Sunglasses Made With the Environment in Mind
In 2020, with wanderlust on their minds, three London-based friends decided to launch a clothing brand that would cater to summer travelers. Adam Shapiro, Dan May and Gautam Rajani, who grew up in New Orleans, Cape Town and Mumbai, respectively, have an intimate understanding of how best to dress in hot weather. Their men’s wear label, SMR Days, launched with shirting, shorts and trousers in beach-ready cotton and linen. Hand-woven jute tote bags followed shortly after and, as of May 3, they’re adding a range of sunglasses to their offerings. The brand seeks to use only sustainable materials, so for their shades they sought out the British swim- and eyewear brand Prism London, whose Marylebone studio is around the corner from their own and whose high quality bio-acetate frames are mostly derived from plant-based materials like wood pulp. The collection is made up of three silhouettes in rich tones, each named after a summer beauty spot: There’s the round-framed Mykonos; the St. Tropez aviators; and a square style called Ibiza. $295, smrdays.com.
In Hollywood, Peter McGough Puts on His First Solo Show
The artist Peter McGough worked for decades with his then-partner David McDermott as the duo McDermott and McGough, using vintage production methods like cyanotype and palladium printing to create historical-seeming photographs and paintings. Now, McGough is opening his first solo show at the Future Perfect’s Goldwyn House in Los Angeles. The gallery, situated within a 1916 home once occupied by the film producer Samuel Goldwyn, is fitting for the show, as McGough often returns to Hollywood’s Golden Age for inspiration. Included in this exhibition are nine new oil paintings depicting spider webs that have ensnared blossoms and butterflies. At first, you might think the images were borrowed from a Victorian child’s picture book. But a closer inspection of the canvases’ phytomorphic text reveals grim phrases like “A True Story Based on Lies” and “Empty & Meaningless.” McGough thinks of the webs as metaphors for material success. As he puts it, “We’re constantly grasping for this sparkling effervescence to fill the void of emptiness.” The exhibition also features 14 found bricks emblazoned with an anti-gay slur written in colorful curlicue type — defiant refutations, says McGough, of everything the world has hurled at him. “Forgotten Lore” is on view by appointment through June 16, thefutureperfect.com.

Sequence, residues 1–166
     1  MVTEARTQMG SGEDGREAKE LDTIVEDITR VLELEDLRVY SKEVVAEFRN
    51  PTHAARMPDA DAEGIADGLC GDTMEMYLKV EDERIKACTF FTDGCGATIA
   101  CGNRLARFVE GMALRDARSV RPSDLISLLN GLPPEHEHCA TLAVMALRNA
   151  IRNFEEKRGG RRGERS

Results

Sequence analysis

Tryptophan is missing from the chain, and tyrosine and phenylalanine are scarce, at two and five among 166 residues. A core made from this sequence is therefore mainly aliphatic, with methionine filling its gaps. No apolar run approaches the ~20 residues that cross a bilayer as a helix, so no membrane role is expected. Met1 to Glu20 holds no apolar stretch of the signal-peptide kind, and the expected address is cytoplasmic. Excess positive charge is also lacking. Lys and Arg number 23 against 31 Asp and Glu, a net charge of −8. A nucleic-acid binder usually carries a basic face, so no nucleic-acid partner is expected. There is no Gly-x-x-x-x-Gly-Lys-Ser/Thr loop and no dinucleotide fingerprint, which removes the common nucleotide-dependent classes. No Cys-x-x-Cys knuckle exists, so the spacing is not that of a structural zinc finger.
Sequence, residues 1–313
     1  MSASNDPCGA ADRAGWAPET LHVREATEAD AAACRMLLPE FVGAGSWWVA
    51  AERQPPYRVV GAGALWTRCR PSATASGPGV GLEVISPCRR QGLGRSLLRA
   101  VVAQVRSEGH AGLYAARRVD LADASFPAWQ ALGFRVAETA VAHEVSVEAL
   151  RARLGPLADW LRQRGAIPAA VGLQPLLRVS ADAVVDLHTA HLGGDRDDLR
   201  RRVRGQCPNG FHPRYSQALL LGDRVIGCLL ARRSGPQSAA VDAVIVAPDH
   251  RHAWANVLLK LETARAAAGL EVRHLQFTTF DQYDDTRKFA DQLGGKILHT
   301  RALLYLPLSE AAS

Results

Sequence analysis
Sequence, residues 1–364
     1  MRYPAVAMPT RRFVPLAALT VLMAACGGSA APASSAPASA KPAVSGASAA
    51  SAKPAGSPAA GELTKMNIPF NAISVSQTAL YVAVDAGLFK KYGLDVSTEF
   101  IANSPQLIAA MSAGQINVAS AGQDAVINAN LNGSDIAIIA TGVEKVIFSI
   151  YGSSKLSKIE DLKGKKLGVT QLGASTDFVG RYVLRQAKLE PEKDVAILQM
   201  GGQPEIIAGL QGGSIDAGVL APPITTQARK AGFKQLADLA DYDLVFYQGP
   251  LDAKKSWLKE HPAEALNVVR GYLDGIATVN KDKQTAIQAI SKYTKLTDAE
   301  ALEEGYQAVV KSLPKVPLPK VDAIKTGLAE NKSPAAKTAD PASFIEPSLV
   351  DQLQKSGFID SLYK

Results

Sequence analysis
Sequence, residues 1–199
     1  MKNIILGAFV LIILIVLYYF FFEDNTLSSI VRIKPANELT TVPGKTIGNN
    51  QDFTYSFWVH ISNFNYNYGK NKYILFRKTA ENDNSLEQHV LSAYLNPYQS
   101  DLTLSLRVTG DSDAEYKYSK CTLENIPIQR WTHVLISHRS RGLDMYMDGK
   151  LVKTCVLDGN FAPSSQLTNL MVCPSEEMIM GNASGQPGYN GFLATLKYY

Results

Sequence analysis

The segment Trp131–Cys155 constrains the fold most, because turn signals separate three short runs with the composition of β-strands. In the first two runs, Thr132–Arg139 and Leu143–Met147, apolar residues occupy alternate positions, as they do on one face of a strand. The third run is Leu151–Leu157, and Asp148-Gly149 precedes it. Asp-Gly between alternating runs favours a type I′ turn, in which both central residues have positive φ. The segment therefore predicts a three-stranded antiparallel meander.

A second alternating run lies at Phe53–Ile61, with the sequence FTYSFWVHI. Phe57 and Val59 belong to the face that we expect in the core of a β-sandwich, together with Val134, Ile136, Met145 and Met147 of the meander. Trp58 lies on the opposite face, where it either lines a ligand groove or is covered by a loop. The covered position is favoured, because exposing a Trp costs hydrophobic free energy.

Chloé’s creative director, Gabriela Hearst, has been a fan of the French swimwear company Eres for years, admiring the streamlined, flattering fit of its suits. Now, she’s designed a capsule collection in collaboration with the brand’s creative director, Marie-Paule Minchelli, comprising three one-pieces and five mix-and-match bikini sets in neutral shades. Chloé’s signature touches — one maillot uses C-shaped hardware normally seen on Chloé accessories to create ruching at the waist; another features broderie anglaise (delicate cutouts combined with embroidery) and shoulder flounces — adorn Eres’s body-sculpting Peau Douce material. “What made it more impactful was its sustainable development; it is made out of a castor oil-based polyamide,” Hearst says, which is a more environmentally friendly alternative to traditional polyamides that are made from crude oil. To complete a beach wardrobe, Chloé’s summer offerings will include embroidered shirts and wrap skirts in linen, as well as eyelet-detailed flip-flops and leather-framed sunglasses. To carry it all, the fashion house is selling a woven tote bag made in partnership with the Kenyan fair trade brand Mifuko. The Chloé x Eres collection will be available at Chloé and Eres boutiques and online beginning May 5, chloe.com.